Tuesday, May 5, 2015

Officer's death should be call to action

There's no more graphic or compelling proof that Pennsylvania lawmakers finally must get serious about gun-trafficking reform than the Sept. 13 murder of suburban Philadelphia police officer Bradley Fox.

Officer's death should be call to action

Travel Deals

There’s no more graphic or compelling proof that Pennsylvania lawmakers finally must get serious about gun-trafficking reform than the Sept. 13 murder of suburban Philadelphia police officer Bradley Fox.

The arrest of a Philadelphia man last week on charges that he was the so-called straw buyer who provided nine weapons to the suspect in Fox’s killing — convicted felon Andrew C. Thomas — exposes the true cost of Harrisburg’s refusal to pass even modest gun-control measures.

If not for the National Rifle Association’s iron grip on state lawmakers, the state long ago could have made it a crime when gun owners fail to report a lost or stolen weapon — a common excuse given to authorities when a gun turns up in a crime. That would represent a small step toward discouraging gun purchases on behalf of criminals banned from owning firearms.

The more aggressive response to the young officer’s death — Fox left a 6-month-old daughter and his wife, pregnant with their second child — would be to limit gun buyers to one handgun purchase a month.

After a suburban cop was killed with an illegal weapon, will Pa. enact gun reform?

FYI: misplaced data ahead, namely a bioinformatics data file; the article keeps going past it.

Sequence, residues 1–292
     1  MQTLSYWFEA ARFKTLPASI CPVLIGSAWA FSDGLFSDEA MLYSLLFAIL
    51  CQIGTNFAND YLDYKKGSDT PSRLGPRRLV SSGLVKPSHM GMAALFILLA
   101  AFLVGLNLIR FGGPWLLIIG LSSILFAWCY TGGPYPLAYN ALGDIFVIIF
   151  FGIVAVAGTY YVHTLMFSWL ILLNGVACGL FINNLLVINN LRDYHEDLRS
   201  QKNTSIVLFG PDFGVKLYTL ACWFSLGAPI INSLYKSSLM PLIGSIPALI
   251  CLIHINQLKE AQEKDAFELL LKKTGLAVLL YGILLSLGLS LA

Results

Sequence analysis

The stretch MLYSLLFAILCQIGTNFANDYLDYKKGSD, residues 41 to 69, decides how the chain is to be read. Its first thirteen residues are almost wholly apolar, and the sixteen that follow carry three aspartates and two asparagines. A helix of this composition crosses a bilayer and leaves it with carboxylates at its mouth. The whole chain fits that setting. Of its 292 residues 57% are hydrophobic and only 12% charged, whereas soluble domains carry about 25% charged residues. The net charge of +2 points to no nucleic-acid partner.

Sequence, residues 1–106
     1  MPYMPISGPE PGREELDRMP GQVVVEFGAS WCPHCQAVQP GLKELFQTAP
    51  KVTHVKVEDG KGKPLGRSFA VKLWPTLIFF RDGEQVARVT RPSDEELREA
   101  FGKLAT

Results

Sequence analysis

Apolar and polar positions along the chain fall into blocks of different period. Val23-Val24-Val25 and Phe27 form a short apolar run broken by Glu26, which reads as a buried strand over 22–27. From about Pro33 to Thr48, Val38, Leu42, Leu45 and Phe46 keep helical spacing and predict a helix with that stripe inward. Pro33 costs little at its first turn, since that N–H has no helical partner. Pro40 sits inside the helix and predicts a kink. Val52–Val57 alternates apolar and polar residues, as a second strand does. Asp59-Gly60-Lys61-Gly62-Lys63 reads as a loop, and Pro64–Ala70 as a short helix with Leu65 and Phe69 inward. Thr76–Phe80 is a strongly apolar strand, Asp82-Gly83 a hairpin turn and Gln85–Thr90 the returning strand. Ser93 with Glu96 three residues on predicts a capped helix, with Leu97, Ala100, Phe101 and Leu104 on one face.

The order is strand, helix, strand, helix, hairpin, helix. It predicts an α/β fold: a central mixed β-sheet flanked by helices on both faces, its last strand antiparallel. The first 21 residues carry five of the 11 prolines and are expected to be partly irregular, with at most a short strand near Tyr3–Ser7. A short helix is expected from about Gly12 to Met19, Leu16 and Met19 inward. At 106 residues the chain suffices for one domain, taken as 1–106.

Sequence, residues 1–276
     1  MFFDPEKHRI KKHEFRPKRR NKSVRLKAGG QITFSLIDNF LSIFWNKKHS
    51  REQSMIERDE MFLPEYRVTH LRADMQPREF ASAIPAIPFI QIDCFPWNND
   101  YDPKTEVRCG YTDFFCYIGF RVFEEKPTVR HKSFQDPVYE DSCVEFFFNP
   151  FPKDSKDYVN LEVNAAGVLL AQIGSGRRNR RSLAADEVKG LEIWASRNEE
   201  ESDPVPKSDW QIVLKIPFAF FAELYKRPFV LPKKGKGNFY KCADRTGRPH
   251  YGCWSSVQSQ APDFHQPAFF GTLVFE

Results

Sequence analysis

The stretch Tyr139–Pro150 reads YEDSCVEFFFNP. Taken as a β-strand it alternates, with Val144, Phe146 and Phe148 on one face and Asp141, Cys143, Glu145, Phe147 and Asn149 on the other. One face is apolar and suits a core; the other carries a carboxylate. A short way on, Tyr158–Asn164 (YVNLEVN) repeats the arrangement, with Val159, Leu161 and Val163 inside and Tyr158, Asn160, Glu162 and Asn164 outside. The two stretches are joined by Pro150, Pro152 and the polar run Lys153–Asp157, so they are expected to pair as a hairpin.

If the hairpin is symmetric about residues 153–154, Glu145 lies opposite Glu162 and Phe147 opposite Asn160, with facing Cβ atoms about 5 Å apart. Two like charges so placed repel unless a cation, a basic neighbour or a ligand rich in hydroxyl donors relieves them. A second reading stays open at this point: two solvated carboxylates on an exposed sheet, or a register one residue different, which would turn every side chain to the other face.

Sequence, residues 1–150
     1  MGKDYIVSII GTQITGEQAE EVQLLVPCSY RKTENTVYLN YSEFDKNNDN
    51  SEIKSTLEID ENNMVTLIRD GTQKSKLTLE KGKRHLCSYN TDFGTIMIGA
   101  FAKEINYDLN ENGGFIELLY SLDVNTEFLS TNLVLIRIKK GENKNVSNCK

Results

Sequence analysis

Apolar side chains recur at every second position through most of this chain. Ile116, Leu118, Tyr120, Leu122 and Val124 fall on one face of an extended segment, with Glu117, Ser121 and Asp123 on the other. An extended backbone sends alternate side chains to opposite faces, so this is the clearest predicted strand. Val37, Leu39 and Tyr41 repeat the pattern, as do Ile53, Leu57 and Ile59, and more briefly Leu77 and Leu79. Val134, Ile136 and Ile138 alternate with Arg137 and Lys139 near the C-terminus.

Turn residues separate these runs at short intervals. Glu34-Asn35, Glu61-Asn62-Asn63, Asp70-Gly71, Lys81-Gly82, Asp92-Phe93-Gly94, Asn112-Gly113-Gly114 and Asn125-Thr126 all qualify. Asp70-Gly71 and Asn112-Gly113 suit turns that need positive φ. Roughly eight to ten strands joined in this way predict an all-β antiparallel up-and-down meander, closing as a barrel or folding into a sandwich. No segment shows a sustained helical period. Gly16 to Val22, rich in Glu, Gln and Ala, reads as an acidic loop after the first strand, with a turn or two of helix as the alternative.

No, the National Rifle Association will stick to its guns no matter what
Yes, state lawmakers might go for a lost-and-stolen reporting law now
No, other cops have been killed with illegal guns before and nothing changed
Yes, the Plymouth Township officer's death is the last straw

There’s clearly a need, as well, for law enforcement to make sure gun dealers are more vigilant about gun trafficking. Thomas’ alleged supplier was able to buy six weapons from one gun shop without raising the alarm.

But the lost-and-stolen measure should be renamed the Bradley Fox Act — and then passed into law without delay. Make sure Fox’s murder is the last straw.

About this blog

The Inquirer Editorial Board's Say What? opinion blog showcases the work of the editors and writers who produce the newspaper's daily and Sunday opinion pages.

Find out more about The Inquirer's Editorial Board here.

The Inquirer Editorial Board
Also on Philly.com
Stay Connected